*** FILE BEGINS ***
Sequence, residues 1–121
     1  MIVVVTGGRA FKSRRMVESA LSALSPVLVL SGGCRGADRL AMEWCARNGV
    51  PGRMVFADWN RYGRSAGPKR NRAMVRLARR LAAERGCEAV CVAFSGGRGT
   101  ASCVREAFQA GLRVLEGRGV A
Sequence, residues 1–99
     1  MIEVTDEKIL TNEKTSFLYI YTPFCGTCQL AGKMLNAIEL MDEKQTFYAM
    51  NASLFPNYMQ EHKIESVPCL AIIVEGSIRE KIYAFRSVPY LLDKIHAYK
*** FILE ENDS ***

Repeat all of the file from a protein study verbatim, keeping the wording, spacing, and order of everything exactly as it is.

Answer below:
Sequence, residues 1–121
     1  MIVVVTGGRA FKSRRMVESA LSALSPVLVL SGGCRGADRL AMEWCARNGV
    51  PGRMVFADWN RYGRSAGPKR NRAMVRLARR LAAERGCEAV CVAFSGGRGT
   101  ASCVREAFQA GLRVLEGRGV A
Sequence, residues 1–99
     1  MIEVTDEKIL TNEKTSFLYI YTPFCGTCQL AGKMLNAIEL MDEKQTFYAM
    51  NASLFPNYMQ EHKIESVPCL AIIVEGSIRE KIYAFRSVPY LLDKIHAYK